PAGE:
From the outset of this FBI inquiry, because of the email accounts involved, the conclusion was already clear

Newsweek reports: The night of the disclosure [Oct 28], Newsweek reported that the emails were from as many as three accounts — one through Yahoo, one on the domain clintonemail.com, and one from an account Abedin used in support of one of Weiner’s campaigns for office. Last week, Newsweek learned that that account was through Gmail. In other words, Abedin’s personal account provided by the State Department for non-classified emails was not involved. Abedin, who did not know Clinton used a private server for her emails, told the bureau in an April interview that she used the account on the clintonemail.com domain only for issues related to the secretary’s personal affairs, such as communicating with her friends. For work-related records, Abedin primarily used the email account provided to her by the State Department.

From the information obtained that first day by Newsweek, it was already clear that, because of the accounts involved, almost all of the documents were going to be duplicates or personal emails. In other words, from the opening moments of this inquiry, there were people in government who already knew what the outcome of this new FBI effort would be, yet it took the bureau another nine days to confirm those details. [Continue reading…]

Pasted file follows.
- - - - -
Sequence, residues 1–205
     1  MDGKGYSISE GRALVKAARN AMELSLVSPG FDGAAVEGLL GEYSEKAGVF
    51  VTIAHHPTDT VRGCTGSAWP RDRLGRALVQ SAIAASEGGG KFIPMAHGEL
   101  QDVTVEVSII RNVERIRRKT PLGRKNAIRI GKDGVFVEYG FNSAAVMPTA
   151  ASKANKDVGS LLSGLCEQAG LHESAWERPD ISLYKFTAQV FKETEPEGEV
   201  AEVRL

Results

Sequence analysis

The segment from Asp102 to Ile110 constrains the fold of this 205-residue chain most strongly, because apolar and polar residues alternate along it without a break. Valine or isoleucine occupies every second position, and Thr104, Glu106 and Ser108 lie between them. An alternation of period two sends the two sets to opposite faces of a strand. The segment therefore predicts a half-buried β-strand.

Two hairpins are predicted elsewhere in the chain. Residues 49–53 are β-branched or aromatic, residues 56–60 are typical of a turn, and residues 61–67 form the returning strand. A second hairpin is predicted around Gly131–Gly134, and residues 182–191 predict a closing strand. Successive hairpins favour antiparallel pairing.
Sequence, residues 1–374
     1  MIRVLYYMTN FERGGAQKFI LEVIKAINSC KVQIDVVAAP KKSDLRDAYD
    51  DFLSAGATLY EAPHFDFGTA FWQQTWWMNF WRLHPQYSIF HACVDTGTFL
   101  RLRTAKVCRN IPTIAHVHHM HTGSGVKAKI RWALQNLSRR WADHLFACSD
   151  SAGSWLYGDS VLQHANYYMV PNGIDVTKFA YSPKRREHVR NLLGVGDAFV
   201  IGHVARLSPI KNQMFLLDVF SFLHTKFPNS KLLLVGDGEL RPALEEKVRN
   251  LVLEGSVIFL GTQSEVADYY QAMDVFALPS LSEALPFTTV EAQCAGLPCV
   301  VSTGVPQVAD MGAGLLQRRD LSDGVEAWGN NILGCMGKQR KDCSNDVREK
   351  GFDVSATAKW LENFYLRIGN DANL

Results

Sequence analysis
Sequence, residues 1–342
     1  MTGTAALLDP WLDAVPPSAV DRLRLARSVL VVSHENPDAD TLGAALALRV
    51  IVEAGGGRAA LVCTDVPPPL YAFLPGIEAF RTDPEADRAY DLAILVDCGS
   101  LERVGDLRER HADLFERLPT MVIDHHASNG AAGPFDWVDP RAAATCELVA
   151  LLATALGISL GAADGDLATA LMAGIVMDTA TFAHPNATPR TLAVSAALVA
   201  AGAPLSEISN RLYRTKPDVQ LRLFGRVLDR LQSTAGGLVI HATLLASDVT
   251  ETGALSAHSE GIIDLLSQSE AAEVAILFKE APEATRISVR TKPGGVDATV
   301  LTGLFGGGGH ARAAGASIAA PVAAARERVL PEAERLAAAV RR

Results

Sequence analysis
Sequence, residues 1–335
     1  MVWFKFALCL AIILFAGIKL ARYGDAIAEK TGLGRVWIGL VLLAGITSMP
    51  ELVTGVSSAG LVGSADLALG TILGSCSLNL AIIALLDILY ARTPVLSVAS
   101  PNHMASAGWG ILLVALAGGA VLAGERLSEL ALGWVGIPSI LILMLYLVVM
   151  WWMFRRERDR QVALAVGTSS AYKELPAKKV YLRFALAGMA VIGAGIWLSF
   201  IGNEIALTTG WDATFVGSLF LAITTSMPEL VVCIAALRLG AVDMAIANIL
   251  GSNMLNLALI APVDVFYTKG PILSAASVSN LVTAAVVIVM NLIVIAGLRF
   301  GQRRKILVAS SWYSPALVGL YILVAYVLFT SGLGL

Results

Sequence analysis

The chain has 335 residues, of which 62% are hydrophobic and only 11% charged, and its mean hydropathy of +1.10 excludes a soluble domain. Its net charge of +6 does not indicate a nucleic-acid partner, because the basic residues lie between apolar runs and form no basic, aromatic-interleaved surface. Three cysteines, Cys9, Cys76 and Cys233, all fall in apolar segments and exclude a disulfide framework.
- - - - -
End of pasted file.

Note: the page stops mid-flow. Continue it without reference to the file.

Time reports: For the last 10 days, the cloud of a renewed investigation hung over Clinton and her campaign as FBI agents scoured yet more emails looking at whether Clinton had committed a crime via BlackBerry. The FBI decided, yet again, that she had not. “Based on our review, we have not changed our conclusions that we expressed in July with respect to Secretary Clinton,” Comey wrote.

But damage was done by Comey’s unprecedented disclosure that they were even going back to the matter in the first place. Clinton’s poll numbers in many states sank, and some of her supporters found themselves again questioning Clinton’s honesty. The October Surprise that fizzled may have had a lasting effect on the election: Voters in many states were already casting early ballots informed by little more than speculation at that point. [Continue reading…]

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